The recruitment process is the process of continuously attracting and hiring top talent for positions throughout the company. It involves building brand awareness, identifying job seekers, advertising vacancies, hiring and onboarding.
The hiring process is a subsection of the recruitment process. This part of the process is all about filling a job vacancy with a candidate with the right skillset.
Talent acquisition is similar to recruiting, however, it involves continually attracting and retaining top talent by an in-house team, rather than utilising recruitment agencies and contractors. Talent acquisition focuses on long-term human resources planning.
The importance of a recruitment process that works
The most important resource a business has is its human capital. Good employees are the lifeblood of an organisation and are crucial to long-term success. Unfortunately, they’re often the most difficult asset to find and retain.
Attracting qualified candidates can be tricky, particularly if you don’t have a large talent pool or functioning talent pipeline.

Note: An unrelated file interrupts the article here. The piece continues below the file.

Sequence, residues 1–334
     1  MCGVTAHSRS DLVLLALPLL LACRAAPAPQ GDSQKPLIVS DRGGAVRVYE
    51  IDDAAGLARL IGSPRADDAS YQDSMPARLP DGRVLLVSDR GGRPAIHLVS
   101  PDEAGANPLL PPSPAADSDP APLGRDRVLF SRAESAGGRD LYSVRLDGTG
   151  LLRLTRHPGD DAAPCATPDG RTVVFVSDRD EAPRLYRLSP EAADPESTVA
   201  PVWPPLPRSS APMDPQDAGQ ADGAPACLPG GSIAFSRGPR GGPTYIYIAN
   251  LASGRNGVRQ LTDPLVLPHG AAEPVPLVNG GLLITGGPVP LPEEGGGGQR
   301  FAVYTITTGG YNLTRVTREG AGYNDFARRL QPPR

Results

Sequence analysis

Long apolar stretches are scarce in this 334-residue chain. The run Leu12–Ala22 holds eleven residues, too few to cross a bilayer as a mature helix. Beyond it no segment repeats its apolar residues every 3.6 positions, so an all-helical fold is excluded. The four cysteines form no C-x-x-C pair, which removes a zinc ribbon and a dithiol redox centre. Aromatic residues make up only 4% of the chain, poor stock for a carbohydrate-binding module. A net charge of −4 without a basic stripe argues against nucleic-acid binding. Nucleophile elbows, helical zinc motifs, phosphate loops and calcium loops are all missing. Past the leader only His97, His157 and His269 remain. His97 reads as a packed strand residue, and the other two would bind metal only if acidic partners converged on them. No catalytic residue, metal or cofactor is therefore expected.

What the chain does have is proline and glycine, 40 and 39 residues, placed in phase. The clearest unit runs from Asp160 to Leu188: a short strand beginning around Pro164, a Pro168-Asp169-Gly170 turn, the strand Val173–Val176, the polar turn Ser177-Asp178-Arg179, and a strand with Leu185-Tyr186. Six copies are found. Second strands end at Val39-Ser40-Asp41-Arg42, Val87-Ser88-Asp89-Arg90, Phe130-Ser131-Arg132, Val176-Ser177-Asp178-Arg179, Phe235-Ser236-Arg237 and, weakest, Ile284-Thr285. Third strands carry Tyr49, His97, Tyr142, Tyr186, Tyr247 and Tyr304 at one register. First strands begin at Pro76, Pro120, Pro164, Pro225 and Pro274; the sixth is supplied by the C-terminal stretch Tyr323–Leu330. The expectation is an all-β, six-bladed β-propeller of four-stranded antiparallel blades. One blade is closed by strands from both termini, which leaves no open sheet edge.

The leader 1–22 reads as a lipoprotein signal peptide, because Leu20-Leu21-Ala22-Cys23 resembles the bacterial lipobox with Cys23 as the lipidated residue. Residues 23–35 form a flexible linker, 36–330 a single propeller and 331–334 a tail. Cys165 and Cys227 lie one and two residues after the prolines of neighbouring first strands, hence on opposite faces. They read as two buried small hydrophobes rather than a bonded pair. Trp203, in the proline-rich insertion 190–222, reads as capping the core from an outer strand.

An efficient, effective and methodical recruitment process is your best tool for engaging with potential candidates, getting them through your pipeline and improving your employee retention.
Build your recruitment process with JobAdder
JobAdder’s ATS streamlines the entire recruitment process, whether you’re a recruiter or part of an in-house talent team.
Beyond simplifying and automating recruitment tasks, our ATS also provides AI and skill matching, native job posting, reporting and analytics insights as well as database management and communications tracking. Find out more about how the JobAdder ATS can transform your recruitment process by booking a no-obligation demo now.